Corporate farms ARE family farms

We often hear of “corporate farms.” What many people don’t know is that the majority of family farms are held as corporations! The reasons for doing this are many – consolidating ownership, diversifying liability, and decreasing the farmer’s personal tax burden.

In this short video from the Washington Association of Wheat Growers, Washington farmer Brad Isaak describe why his family farm is a corporation, and the important impact his family farm makes on his family, his community, and our country.

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Thought of the Week

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The road to success is often unpaved.

 

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Thought of the Week

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Where there’s smoke, there’s fire.
And hopefully STEAK!

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Thought of the Week

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AMERICAN LAMB

10,000 miles fresher than imported!

-The Shepherd magazine, Sept. 2015

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Thought of the Week

The grass is always greener
on the other side of the fence.
That’s because that guy had the good sense
to weed and feed his pasture.

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Thought of the Week

The hardest part of learning to ride is the ground.

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Thought of the Week

Trust your fellow man,
but tie up your horse.

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WAFLA By Air

We’d like to highlight a new seasonal worker program, instituted by the state of Washington.  This program is called the Washington Farm Labor Association, or simply “WAFLA.”  They are doing a test run, and as they work out details and kinks in their program, we hope that this type of temporary worker program will be able to be used in different states across our union, for agriculture, but also in other industries – construction, hotel, restaurant, etc.

These 18 workers are a test run. Wafla is planning to use air transportation for large groups – up to 100 per day, beginning in May.

Inbound H-2A Workers at the Durango, Mexico Airport

These guys are ready to work, legally, in the USA

Air transportation is much safer than buses, and workers prefer it. It is a lot harder to arrange, but costs are comparable to buses, and it cuts travel time from five days to two. Growers in the Pacific Northwest are facing a severe labor shortage, and the only way to deal with it is through the federal legal worker program called H-2A. One of the obstacles is transportation – it’s a long way from orchards and fields in the Pacific Northwest for the workers in central and southern parts of Mexico.

This group are farm workers were recruited in the state of Durango, Mexico, and they are headed for a grower in Idaho’s Treasure Valley.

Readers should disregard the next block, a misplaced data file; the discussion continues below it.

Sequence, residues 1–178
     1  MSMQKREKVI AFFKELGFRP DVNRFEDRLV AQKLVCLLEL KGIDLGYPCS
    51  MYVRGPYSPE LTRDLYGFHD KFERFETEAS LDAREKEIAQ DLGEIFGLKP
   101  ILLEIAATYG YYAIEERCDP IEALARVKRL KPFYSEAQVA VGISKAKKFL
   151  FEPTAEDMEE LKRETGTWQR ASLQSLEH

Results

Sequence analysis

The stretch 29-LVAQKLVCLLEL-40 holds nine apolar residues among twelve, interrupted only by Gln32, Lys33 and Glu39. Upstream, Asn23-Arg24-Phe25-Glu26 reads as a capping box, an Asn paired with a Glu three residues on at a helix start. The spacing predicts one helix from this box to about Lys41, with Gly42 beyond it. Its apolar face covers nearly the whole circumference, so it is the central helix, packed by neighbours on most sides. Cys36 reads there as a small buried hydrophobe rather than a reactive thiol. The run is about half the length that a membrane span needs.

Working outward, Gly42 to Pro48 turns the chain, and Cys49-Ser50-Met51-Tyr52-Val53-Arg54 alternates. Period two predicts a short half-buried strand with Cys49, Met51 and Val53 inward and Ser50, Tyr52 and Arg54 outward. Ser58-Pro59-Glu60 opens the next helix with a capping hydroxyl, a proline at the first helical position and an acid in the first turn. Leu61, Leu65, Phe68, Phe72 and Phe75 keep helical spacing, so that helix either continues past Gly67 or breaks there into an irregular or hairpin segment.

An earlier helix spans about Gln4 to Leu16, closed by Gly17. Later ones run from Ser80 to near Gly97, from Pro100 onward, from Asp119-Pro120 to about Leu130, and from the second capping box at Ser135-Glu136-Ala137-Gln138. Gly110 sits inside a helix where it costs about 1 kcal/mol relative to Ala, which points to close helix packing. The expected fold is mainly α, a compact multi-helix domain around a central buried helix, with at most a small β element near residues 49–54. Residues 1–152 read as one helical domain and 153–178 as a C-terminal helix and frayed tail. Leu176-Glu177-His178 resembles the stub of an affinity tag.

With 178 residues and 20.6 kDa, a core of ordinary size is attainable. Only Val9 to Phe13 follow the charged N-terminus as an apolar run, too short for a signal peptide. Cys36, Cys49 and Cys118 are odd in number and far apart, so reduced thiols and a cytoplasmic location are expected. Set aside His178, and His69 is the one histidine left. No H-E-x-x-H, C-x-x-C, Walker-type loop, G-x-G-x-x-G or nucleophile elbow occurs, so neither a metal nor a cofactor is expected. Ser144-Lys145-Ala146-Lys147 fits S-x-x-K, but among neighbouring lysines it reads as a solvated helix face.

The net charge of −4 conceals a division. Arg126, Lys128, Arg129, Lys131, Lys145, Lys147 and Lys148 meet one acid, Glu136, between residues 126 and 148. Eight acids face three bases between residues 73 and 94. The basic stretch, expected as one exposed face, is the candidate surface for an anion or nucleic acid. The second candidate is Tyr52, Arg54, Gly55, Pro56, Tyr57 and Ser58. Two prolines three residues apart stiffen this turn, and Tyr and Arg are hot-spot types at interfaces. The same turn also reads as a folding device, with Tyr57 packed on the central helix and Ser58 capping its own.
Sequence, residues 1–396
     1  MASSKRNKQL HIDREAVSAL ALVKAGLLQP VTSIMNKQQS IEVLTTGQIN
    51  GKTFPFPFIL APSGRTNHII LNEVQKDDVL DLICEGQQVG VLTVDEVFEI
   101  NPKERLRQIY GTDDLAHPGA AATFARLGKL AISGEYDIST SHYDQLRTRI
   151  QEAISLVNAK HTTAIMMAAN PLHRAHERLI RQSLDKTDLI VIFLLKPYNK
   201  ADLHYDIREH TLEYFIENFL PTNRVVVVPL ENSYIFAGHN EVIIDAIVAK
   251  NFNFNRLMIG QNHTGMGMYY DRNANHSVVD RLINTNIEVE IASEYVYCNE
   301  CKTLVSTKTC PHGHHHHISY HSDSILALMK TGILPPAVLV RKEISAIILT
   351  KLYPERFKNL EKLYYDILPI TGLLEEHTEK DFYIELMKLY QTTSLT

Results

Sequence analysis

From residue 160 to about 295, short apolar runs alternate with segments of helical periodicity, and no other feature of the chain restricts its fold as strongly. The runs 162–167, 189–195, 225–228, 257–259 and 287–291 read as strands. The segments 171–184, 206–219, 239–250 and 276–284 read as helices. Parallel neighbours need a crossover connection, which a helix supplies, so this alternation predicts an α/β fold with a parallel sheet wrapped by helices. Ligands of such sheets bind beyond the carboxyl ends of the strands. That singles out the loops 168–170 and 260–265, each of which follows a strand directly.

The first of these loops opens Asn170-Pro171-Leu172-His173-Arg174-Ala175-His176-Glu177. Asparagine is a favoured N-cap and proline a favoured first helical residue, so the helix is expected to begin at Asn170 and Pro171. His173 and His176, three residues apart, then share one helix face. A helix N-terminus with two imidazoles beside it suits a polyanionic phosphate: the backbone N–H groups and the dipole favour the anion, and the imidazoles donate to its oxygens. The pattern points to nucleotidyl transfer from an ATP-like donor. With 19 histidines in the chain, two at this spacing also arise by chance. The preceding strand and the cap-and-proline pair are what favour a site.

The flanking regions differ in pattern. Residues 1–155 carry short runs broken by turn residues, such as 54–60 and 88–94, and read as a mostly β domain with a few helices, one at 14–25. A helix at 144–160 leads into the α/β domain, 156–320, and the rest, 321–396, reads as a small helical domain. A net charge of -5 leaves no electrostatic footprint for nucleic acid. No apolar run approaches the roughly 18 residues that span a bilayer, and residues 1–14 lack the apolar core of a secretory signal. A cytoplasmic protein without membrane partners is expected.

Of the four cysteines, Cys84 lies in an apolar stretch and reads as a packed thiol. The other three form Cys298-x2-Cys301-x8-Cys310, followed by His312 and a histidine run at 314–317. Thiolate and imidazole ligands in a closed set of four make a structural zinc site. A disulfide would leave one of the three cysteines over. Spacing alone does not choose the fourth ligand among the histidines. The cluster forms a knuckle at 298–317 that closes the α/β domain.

The group is flying from Durango to Tijuana, where they will have consulate appointments and receive visas. Once they finish the consulate process, they will take a charter bus to the U.S. border, where they will present the visas that were issued at the U.S Consulate in Tijuana. They have a 15 mile bus ride to San Diego airport, where they will board a commercial flight from San Diego to Seattle, connecting to Boise, and another short charter bus from the airport to a farm in the Treasure Valley, about 30 miles away.

This is another example of Wafla making the legal worker program better work for employers and workers in the Pacific Northwest!

We will watch and wait to see how this program works, in hopes that it is successful and grows.  Way to go, Washington!

 

 

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Thought of the Week

the old farm

Careful is the naked man climbing a barbed wire fence.  Of course if you’re a naked man climbing a barbed wire fence, it’s a little late for caution!

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Hard to Believe

In a recent L.A.Times opinion editorial, two University of California Irvine professors stated that “food production requires unfathomable volumes of water,” and they concluded that California needs less agriculture.

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The California Aquaduct

What is really “unfathomable” according to Westlands Water District, near Fresno, is that since October, 2016, more than 25 million acre-feet of California’s water has been sent to the ocean while only 2.5 million acre-feet has been pumped for use by agriculture, and for communities south of the Sacramento Delta.

The professors neglected to mention (or don’t know) that California’s agricultural industry developed and utilizes the most advanced and sophisticated water conservation measures in the world.

Next time, do your homework, professors.

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The Hoyt Report, Inc, March 10, 2017

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